The nuclear energy industry has not fared well in popular culture of late, but there are some facets of what it does that are genuinely indispensable. Nuclear propulsion provides Navy aircraft carriers and submarines with unlimited range. Nuclear power plants remain a crucial part of the electric grid. And nuclear propulsion of spacecraft may be the safest, most affordable way that NASA can put U.S. astronauts on Mars.
Lynchburg, Virginia-based BWXT has learned how to meld these diverse markets into an expanding enterprise combining strong margins and cash generation with a record backlog, in the process becoming the domestic nuclear industry's most outstanding growth story. BWXT not only is the sole provider of naval nuclear reactors, it is also the largest manufacturer of commercial nuclear components in North America, and a key provider of nuclear fuel to civil, military and commercial users.
Over the last ten years, BWXT (a modest contributor to my think tank) has consolidated much of the U.S. and Canadian supply chain for nuclear technology in a streamlined enterprise that dominates the product life cycle from research to engineering to manufacturing to servicing to decommissioning. Because its skills are unique, its position in the marketplace is nearly unassailable, and the results are reflected in its financial performance: E.P.S. and revenues were both up 17% year-over-year in the first quarter.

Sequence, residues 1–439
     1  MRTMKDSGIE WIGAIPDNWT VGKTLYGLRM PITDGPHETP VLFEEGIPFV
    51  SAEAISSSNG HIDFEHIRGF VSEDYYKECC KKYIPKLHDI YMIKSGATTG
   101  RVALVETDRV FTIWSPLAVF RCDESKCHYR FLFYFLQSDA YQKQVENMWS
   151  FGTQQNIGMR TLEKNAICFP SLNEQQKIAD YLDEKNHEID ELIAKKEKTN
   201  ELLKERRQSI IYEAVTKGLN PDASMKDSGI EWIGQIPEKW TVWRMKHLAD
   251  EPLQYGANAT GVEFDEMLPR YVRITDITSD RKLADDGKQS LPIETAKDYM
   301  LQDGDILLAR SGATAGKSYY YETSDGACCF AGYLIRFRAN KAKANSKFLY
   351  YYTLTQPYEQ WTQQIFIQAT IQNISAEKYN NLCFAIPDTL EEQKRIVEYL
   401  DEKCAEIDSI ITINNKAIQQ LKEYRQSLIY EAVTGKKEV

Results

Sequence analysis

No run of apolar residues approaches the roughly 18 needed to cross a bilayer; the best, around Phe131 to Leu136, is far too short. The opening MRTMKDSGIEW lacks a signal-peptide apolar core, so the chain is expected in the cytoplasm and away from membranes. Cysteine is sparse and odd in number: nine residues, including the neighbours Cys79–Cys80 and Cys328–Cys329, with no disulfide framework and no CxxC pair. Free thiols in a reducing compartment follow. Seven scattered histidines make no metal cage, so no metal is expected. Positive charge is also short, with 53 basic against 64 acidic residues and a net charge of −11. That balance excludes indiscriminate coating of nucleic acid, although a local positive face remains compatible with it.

CEO Rex Geveden thinks the good news is likely to continue. This week I sat down with Geveden in BWXT's Capitol Hill office to discuss the company's success, and where it may be headed. What emerged was the story of an enterprise that combines disciplined capital allocation with an unmatched grasp of its home industry to fashion a visionary strategy for nuclear's future. Geveden isn't bashful about his company leading the nuclear sector -- he says it is a "blessing" to have such a clear corporate identity. He goes on,
We are probably the most prolific nuclear company in the free world. We're delivering 2.4 reactors every year. Who's making that many reactors anywhere in the world?
Investors have warmed to this story since the power generation business was spun off in 2015. In fact, BWXT's market cap has doubled during the intervening two years as Geveden and his predecessors educated Wall Street to the fundamentals of their business. He says that focusing the enterprise on high-margin nuclear activities made it easier for analysts to grasp what previously had been a more complicated, multi-industry story.
Some facets of that story are arcane, but the financials are compelling. The revenues of its Nuclear Operations Group, which provides about 80% of total sales, reached a record level in 2016 (as did backlog), and look likely to keep growing as the pace of naval nuclear construction expands. Geveden says margins in the "high teens" are sustainable going forward as manufacturing revenues gradually grow and the services portion of the business continues to generate sizable return on invested capital.